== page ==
On 7/2, the legal battle over AutoHop between Dish and the broadcast networks is scheduled to start in New York, where U.S. District Judge Laura Swain will hear arguments to determine whether the case will be heard in New York or LA.
Dish Network’s new ad-skipping feature, AutoHop, enables subscribers to black out ads on programs they’ve saved on their DVRs. When activated, AutoHop turns the screen dark when a commercial break arrives, then returns to the show a few seconds later. The AutoHop, launched in May, is only available for shows airing on CBS, ABC, NBC and Fox–not on cable channels.
CBS, NBC and Fox have sued, saying the feature violates copyright laws and jeopardizes the financial foundation of the entire television industry. Fox said that AutoHop’s ability to show programming without the ads is the same as re-broadcasting – a copyright restriction in the agreement with the broadcasting company that Dish violates. Fox argues that Dish’s new PrimeTime Anytime service “makes an unauthorized copy of the entire primetime broadcast schedule for all four major networks every night” and then enables customers to watch the content without commercials using the Auto Hop technology, which is different from traditional fast-forwarding DVRs in that it skips ads entirely.”
According to Fox spokesperson Scott Grogin, the ad-hopping feature could eventually turn out to be “destroying the fundamental underpinnings of the broadcast television ecosystem.”
Dish maintains that its new feature is legal: “I think it was settled 28 years ago in the Betamax case,” Dish Network Chairman Charlie Ergen told Congress last week, referring to the landmark 1984 case that established that consumers did not violate copyright laws by recording shows at home for their own enjoyment.
Judge Swain issued a preliminary restraining order 5/30 that bars Fox from pursuing its suit against Dish until the 7/2 hearing. She granted Dish’s request, ruling that Fox, NBC and CBS must show cause on that date why their suits should proceed while Dish’s request for a declaratory judgment that its AutoHop feature does not violate copyright laws is heard.
Dish filed its suit 5/24 in New York, hours before Fox filed its suit in LA. NBC and CBS then followed with their own suits against Dish the same day in LA.
Dish’s motion asked the court to enjoin Fox, NBC and CBS from further pursuing their cases—the same day that the networks filed their suits. Dish asked for a declaratory judgment of whether the ad-skipping technology complies with copyright law: “Consumers should be able to fairly choose for themselves what they do and do not want to watch,” Dish SVP/Programming David Shull said in a statement. “Viewers have been skipping commercials since the advent of the remote control; we are giving them a feature they want and that gives them more control.”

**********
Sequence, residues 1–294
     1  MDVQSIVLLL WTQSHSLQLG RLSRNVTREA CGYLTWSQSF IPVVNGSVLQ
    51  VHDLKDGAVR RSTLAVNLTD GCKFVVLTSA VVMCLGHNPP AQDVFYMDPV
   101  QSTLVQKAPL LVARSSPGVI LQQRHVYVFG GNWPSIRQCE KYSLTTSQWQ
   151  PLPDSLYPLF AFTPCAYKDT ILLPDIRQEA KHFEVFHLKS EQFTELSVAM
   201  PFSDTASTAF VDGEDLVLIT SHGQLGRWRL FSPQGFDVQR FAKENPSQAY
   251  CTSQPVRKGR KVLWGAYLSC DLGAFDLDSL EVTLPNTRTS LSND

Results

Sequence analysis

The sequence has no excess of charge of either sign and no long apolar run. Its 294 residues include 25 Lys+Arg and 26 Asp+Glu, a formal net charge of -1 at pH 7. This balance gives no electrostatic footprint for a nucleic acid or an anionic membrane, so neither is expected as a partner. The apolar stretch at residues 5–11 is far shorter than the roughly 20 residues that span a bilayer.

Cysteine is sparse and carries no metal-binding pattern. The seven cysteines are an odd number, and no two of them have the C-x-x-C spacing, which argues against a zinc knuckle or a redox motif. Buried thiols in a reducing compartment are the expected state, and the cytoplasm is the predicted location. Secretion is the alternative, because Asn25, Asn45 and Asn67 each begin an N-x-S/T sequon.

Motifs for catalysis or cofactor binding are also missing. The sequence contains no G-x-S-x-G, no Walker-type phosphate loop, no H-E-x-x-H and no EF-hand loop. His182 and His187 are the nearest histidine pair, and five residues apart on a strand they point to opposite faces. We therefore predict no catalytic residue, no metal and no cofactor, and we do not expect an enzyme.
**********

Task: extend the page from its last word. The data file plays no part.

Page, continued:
The federal judge’s temporary restraining order against Fox could be lifted at the 7/2 hearing, where she will consider Dish’s motion.
“We’re pleased that the New York federal court has entered a TRO against Fox until the New York court decides whether the suits filed by Fox, CBS and NBC in California should be enjoined in favor of Dish’s suit in New York,” said Dish EVP/ General Counsel, R. Stanton Dodge, in a statement. “Dish looks forward to presenting its case and prevailing on the merits.”
Fox responded to the ruling: “We look forward to making our case against DISH for copyright infringement and breach of contract in court,” a Fox spokesman was quoted as saying.
If not stopped, Fox argues, Dish “will ultimately destroy the advertising-supported ecosystem that provides consumers with the choice to enjoy free, over-the-air, varied, high-quality primetime broadcast programming.”
“I can’t produce premium shows like ‘CSI’ without advertising,” CBS Corp. CEO Les Moonves said.
RBR-TVBR observation: At least the ability to offer AutoHop on live TV is not possible. This case is very important, as it’s not just Dish that’s offering new ad-skipping technologies. Comcast is developing a technology that would trigger a commercial to pop up when viewers tried to fast-forward through ads. That allows new inventory to be placed, but still kills the ads that were originally placed with the programming. As we’ve said before, it’s patently unfair to only target the broadcast networks for ad skipping—but the cable networks are voicing concern. The ironic thing about all of this is Dish is a heavy TV advertiser, running campaigns right now for “The Hopper.” Each time a viewer AutoHops through a set of spots they are missing Dish’s ads, too.
Last, but not least, AutoHop may also affect ratings. Think about how many tune-in ads for other shows the networks are running. If a viewer doesn’t see them, they may not watch these shows that are being promoted.